“Writing novels, to me, is basically a kind of manual labor. Writing itself is mental labor, but finishing an entire book is closer to manual labor.” – Haruki Murakami
Van Gogh’s Pair of Shoes struck me the moment I saw it several years ago at the Philadelphia Museum of Art. The beat up old shoes told a story. Story was that Van Gogh bought them at a flea market and wore them on a long walk in the rain before he painted them so they would look worn and beaten. The image stuck with me, like I knew I would one day do something with it, I just didn’t know what.
Fast forward a few years, and I was given an assignment to write a poem about a still life. I decided to hammer out a poem about Van Gogh’s shoes, but it just wasn’t working. Sometimes I find the best way to progress a story or poem is to get away from it and get busy doing something else, so I went to a house my wife and I are rehabbing and tiled the bathroom. I changed my clothes after I got done tiling and when I turned and saw my work boots, it was suddenly easy to imagine the story of Van Gogh’s shoes. The verses began to flow–where the shoes had been, the type of day the person who wore them had, his challenges, what he’d accomplished, how his muscles felt.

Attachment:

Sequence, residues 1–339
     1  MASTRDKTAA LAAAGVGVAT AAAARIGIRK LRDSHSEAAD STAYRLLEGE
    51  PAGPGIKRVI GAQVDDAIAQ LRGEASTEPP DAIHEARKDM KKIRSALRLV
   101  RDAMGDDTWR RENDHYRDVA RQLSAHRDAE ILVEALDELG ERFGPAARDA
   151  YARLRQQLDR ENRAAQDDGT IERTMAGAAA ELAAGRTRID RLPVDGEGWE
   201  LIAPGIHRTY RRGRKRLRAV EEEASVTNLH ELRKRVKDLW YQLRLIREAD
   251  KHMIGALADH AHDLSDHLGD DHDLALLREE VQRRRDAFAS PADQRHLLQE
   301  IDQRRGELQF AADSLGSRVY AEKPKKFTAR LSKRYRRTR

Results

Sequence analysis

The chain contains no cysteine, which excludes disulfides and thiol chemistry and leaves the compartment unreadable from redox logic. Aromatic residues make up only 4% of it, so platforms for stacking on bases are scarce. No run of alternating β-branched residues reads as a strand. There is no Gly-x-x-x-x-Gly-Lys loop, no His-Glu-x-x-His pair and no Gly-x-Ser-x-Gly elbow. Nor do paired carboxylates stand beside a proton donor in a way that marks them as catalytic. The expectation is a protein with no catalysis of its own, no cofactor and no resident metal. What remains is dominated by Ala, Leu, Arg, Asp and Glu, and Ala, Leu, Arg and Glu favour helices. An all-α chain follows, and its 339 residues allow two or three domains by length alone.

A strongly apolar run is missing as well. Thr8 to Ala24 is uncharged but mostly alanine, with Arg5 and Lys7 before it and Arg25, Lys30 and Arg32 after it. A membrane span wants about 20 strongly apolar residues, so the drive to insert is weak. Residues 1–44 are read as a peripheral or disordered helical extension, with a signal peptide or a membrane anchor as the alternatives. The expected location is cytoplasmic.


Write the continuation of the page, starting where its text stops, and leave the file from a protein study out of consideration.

Now I can see why Van Gogh took that long walk in the rain before he sat down at the blank canvas.